Marion Herbert's picture

Hawaii to Seek Waiver from Federal No Child Left Behind Law

The Hawaii Department of Education will seek a waiver to key provisions of the No Child Left Behind law, which requires that schools meet rising annual proficiency goals or face increasing sanctions.

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Marion Herbert's picture

Harkin's Bill Would Overhaul No Child Left Behind

A senior Senate Democrat released a draft of a sprawling revision of the No Child Left Behind education law that would dismantle the provisions of the law that used standardized test scores in reading and math to label tens of thousands of public schools as failing.

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Colorado Schools Inch Toward Improvement

Dozens of Colorado schools that most needed improvement are making progress, although gains have slowed significantly, the Colorado Department of Education announced Tuesday.

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Marion Herbert's picture

Alabama Remains Undecided on No Child Left Behind Waivers

Alabama education officials are still grappling with the decision of whether to apply for a waiver to the No Child Left Behind law.

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Marion Herbert's picture

Let States Reform Education, Don’t Let Them Set a Low Bar: View

In issuing waivers to states under the Elementary and Secondary Education Act (aka No Child Left Behind), releasing them from a 2014 deadline for achieving 100 percent proficiency on standardized reading and math exams, President Barack Obama rightly chastised Congress for its failure to bring the law’s decade-old requirements up to date.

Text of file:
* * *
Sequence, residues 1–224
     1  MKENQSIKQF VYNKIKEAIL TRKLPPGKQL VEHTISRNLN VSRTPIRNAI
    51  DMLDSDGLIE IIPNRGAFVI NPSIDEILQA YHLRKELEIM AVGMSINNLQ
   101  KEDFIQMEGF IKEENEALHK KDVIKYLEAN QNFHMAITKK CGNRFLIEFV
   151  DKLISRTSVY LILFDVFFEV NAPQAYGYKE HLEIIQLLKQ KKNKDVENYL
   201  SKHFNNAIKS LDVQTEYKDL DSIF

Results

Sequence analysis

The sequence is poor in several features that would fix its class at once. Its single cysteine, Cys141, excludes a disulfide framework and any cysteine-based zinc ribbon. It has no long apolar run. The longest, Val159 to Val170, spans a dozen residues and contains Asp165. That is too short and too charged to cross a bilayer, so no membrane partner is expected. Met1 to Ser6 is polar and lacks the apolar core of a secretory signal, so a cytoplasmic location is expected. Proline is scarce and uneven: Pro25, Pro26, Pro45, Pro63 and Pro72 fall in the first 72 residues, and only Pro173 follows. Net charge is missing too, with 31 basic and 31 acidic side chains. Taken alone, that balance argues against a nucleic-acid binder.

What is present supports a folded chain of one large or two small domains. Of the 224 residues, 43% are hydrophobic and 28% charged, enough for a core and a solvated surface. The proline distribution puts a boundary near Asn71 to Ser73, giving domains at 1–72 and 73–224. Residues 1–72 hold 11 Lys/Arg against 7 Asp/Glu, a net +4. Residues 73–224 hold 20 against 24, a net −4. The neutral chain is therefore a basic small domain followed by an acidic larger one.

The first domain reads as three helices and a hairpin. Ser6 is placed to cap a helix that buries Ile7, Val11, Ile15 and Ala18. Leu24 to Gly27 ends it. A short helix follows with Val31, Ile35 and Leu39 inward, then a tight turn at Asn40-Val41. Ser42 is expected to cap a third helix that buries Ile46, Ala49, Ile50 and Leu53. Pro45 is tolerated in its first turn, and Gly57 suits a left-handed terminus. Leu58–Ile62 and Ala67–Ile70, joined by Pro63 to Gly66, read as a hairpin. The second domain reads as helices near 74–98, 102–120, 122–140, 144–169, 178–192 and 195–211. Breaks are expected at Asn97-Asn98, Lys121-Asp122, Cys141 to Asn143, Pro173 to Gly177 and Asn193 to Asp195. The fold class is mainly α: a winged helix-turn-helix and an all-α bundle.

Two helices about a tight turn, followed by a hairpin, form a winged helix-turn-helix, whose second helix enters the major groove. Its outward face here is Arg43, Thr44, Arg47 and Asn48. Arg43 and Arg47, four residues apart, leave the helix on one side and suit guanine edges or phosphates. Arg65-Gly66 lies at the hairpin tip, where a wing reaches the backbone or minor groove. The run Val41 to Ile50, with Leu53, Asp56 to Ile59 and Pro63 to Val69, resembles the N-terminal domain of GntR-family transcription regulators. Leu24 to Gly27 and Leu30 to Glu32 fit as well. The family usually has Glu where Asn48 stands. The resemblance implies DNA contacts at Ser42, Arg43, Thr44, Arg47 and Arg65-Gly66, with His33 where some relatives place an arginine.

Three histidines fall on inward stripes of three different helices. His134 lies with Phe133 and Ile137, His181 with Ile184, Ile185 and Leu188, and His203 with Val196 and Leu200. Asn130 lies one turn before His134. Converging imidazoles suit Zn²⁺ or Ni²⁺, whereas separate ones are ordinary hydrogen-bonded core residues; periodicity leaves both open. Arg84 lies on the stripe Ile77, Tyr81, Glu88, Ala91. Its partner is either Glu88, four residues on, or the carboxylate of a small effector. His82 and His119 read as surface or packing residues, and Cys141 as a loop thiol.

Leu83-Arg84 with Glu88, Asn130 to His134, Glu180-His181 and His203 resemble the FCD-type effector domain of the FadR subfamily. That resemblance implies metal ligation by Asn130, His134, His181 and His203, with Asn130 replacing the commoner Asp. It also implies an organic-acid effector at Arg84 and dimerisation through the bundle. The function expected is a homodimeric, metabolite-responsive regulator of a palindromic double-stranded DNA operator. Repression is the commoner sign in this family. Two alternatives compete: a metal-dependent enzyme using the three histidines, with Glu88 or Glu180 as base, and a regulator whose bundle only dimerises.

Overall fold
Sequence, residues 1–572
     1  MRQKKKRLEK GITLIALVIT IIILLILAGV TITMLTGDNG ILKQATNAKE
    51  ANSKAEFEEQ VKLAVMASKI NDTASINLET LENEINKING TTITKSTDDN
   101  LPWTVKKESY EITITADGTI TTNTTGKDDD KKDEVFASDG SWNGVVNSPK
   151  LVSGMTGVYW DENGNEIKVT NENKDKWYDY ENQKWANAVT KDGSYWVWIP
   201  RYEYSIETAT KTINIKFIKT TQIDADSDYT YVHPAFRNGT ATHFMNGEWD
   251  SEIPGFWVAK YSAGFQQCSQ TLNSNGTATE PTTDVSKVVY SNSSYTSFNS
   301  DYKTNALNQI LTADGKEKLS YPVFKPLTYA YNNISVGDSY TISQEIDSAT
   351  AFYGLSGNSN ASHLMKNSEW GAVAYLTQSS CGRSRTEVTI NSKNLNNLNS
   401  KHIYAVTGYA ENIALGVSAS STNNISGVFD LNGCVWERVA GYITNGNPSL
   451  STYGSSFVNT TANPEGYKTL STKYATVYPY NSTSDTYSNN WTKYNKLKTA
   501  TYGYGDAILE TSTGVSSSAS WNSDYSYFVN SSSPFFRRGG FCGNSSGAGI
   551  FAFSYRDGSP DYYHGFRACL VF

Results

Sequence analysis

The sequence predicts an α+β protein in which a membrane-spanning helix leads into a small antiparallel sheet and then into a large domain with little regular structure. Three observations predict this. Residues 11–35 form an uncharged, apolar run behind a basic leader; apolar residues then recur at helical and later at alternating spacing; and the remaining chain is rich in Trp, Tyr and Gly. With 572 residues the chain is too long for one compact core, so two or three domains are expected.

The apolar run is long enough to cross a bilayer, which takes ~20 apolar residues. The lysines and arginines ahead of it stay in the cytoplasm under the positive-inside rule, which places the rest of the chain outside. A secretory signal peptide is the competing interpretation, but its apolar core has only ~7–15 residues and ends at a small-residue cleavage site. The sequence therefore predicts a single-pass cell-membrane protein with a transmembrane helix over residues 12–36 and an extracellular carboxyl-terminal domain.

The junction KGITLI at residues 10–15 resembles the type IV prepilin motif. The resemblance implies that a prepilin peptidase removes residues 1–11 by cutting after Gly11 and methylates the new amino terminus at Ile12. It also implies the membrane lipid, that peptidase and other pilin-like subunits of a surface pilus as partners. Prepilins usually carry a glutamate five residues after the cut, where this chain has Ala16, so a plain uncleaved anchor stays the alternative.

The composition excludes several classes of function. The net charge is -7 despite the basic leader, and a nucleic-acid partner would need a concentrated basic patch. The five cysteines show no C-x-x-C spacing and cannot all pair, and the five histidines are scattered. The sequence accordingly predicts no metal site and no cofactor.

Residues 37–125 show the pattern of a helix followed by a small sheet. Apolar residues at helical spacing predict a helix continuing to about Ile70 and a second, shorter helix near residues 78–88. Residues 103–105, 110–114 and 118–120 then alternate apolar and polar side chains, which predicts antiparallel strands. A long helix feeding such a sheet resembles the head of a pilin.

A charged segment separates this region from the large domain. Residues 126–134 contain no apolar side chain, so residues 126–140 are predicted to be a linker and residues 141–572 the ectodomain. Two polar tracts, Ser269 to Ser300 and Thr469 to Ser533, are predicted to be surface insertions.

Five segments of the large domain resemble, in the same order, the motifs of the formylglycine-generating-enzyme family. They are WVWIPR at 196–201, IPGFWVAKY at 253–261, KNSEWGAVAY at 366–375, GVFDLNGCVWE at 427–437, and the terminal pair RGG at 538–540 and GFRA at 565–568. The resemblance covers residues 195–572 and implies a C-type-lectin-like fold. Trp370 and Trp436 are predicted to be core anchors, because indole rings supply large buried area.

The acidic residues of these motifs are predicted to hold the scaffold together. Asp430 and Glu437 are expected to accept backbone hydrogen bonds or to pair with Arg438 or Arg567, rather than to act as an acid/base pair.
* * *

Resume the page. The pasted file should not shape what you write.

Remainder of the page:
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Courtney Williams's picture

Nearly Half of Minnesota Schools Don't Make the Grade

The state Education Department announced Friday that 1,056 out of 2,255 schools are not making "adequate yearly progress" under the law, a slight increase from last year's 1,048.

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The Road to Rigor

Raising the bar across the curriculum has become serious business.

Will NCLB Regulatory Relief Come in Time?

Educators wonder what NCLB provisions will be lifted, what reform models districts will have to comply with, and whether relief will be approved before the start of school.

Saying Goodbye to the 2 Percent Rule

U.S. Secretary of Education Arne Duncan has urged more inclusion in the classroom and an end to the “2 percent rule,” which disguises the performance of students with special needs to boost a school’s scores.

Is the Reauthorization of ESEA in Sight?

Roughly 82 percent of schools will face sanctions for failing to make AYP under the current regulations of NCLB.